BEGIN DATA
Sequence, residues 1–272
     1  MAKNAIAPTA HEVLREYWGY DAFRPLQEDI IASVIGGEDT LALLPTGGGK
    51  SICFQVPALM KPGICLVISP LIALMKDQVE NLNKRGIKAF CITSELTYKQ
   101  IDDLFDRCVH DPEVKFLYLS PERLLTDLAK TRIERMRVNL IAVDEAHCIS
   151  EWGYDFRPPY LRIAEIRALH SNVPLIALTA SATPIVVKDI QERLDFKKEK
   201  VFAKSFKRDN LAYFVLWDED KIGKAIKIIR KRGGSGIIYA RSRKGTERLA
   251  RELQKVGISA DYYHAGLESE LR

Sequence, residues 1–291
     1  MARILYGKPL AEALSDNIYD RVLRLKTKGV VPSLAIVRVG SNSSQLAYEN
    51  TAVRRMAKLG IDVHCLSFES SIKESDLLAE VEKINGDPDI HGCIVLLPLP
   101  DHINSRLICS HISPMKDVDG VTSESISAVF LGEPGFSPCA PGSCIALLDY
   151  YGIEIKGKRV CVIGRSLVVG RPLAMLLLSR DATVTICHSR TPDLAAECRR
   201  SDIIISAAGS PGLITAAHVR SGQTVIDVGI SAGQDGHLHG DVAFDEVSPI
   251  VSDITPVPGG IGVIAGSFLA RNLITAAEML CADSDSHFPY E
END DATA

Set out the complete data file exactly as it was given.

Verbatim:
Sequence, residues 1–272
     1  MAKNAIAPTA HEVLREYWGY DAFRPLQEDI IASVIGGEDT LALLPTGGGK
    51  SICFQVPALM KPGICLVISP LIALMKDQVE NLNKRGIKAF CITSELTYKQ
   101  IDDLFDRCVH DPEVKFLYLS PERLLTDLAK TRIERMRVNL IAVDEAHCIS
   151  EWGYDFRPPY LRIAEIRALH SNVPLIALTA SATPIVVKDI QERLDFKKEK
   201  VFAKSFKRDN LAYFVLWDED KIGKAIKIIR KRGGSGIIYA RSRKGTERLA
   251  RELQKVGISA DYYHAGLESE LR

Sequence, residues 1–291
     1  MARILYGKPL AEALSDNIYD RVLRLKTKGV VPSLAIVRVG SNSSQLAYEN
    51  TAVRRMAKLG IDVHCLSFES SIKESDLLAE VEKINGDPDI HGCIVLLPLP
   101  DHINSRLICS HISPMKDVDG VTSESISAVF LGEPGFSPCA PGSCIALLDY
   151  YGIEIKGKRV CVIGRSLVVG RPLAMLLLSR DATVTICHSR TPDLAAECRR
   201  SDIIISAAGS PGLITAAHVR SGQTVIDVGI SAGQDGHLHG DVAFDEVSPI
   251  VSDITPVPGG IGVIAGSFLA RNLITAAEML CADSDSHFPY E